GREGORY: ...just a couple of minutes left. First, Afghanistan ; as the president decides about his strategy , the former Vice President Dick Cheney was outspoken this week. This is what he said.

    VICE PRES. CHENEY: Having announced his Afghanistan strategy in March, President Obama now seems afraid to make a decision and unable to provide his commander on the ground with the troops he needs to complete the mission. The White House must stop dithering while America 's armed forces are in danger.

    GREGORY: Senator Schumer , dithering?

    SEN. SCHUMER: Well, you know, Afghanistan , I agree with Joe Biden . He said when we hear Dick Cheney , we remember seven years of neglect of Afghanistan that once again now President Obama is going to have to deal with. He's dealing with it in a thoughtful, careful way. He's listening to everybody. He will not be rushed to judgment. It's a -- I, I'm wrestling with it myself, and boy it's difficult. There is no good answer. But for Dick Cheney , after seven years focusing on Iraq , the wrong place, instead of Afghanistan , to now say, "It's a few months into this administration, they'd better come up with a solution," that's not fair or right.

    SEN. CORNYN: Americans are fighting and dying in Afghanistan today as they have for the last seven years. I don't understand, for a president who said this is a war of necessity to now question the recommendation of his lead commander General McChrystal ...

    SEN. SCHUMER: Mm-hmm.

    SEN. CORNYN: ...on resourcing the war in order to be successful and win.

    GREGORY: Did President Bush and Vice President Cheney provide enough troops to win in Afghanistan ?

    SEN. CORNYN: I think we've learned that we need a, a change of strategy as, as, as opposed to just raw numbers.

    GREGORY: It's a simple question. Did they provide enough troops to win in Afghanistan ?

    SEN. CORNYN: Well, obviously we haven't yet won Afghanistan .

    GREGORY: Right.

    SEN. CORNYN: And winning in Afghanistan may be different from Iraq because of the, of the nature of the country.

    GREGORY: But did Bush and Cheney provide the troops to win?

    SEN. CORNYN: Well, we haven't won...

    GREGORY: Right.

    SEN. CORNYN: I guess...

    GREGORY: So they didn't. You don't think they did?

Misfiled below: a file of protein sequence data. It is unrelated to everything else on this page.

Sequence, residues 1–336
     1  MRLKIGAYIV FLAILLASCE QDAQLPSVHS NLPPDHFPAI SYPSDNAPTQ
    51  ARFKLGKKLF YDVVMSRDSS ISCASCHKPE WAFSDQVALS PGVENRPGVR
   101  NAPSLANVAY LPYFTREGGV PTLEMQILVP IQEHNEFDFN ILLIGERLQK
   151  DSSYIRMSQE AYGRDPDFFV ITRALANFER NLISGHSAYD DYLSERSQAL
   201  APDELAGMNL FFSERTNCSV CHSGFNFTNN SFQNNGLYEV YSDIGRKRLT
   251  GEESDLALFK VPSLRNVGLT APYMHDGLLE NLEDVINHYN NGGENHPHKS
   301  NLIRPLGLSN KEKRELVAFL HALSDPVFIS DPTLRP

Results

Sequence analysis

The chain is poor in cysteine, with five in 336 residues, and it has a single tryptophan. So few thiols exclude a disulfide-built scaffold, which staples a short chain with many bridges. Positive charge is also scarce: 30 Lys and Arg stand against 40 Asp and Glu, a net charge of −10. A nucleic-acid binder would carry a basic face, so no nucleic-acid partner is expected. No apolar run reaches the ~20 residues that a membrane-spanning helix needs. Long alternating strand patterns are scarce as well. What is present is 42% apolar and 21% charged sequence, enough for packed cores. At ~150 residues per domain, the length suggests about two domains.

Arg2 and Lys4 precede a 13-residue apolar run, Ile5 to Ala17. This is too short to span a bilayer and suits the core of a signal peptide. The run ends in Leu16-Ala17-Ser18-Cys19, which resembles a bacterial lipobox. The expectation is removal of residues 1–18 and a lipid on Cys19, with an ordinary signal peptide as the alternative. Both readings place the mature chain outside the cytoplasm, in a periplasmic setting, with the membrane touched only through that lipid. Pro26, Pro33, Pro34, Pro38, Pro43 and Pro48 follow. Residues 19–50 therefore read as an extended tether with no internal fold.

SEN. CORNYN: But it's a strategy ...

    SEN. SCHUMER: Well...

    SEN. CORNYN: David , the problem is it's not just -- as we saw on the surge in Iraq , it's not just the troops , it's the change of strategy .

    GREGORY: But to be, but to be, but to be consistent on this...

    SEN. CORNYN: A counter...

    GREGORY: ...if you say that this president should commit more troops , can't you render an opinion about whether the previous administration that started the war provided the resources to win it?

    SEN. CORNYN: Well...

    SEN. SCHUMER: Hey, David , we all know the facts here.

    SEN. CORNYN: Well, if I can answer the question.

    SEN. SCHUMER: Go ahead.

    GREGORY: Yeah.

    SEN. CORNYN: I think the -- my problem with your question, David , is you're assuming that just additional troops will achieve a victory. It will not. What we need is a change of strategy . We need a counterinsurgency strategy such as General Petraeus and General Odierno executed in Iraq .


    SEN. CORNYN: If we do that...

    GREGORY: Right.

    SEN. CORNYN: ...which is what General McChrystal 's recommending in Afghanistan , I think our chances of success are good.

    SEN. SCHUMER: Just quickly, one, they were so busy with Iraq they didn't pay attention to Afghanistan . And if the right strategy is that we need a new strategy , where was the strategy for seven years? Now, I'm not -- I don't want to point fingers of blame. Our soldiers are out there in the fields. But it's a little bit, gee whiz , here Obama 's trying -- President Obama 's trying to come up with a strategy listening to everybody, and immediately the Republicans are pounding and say, "Do this, do this, do this," when for seven years they didn't, either in number of troops or good strategy .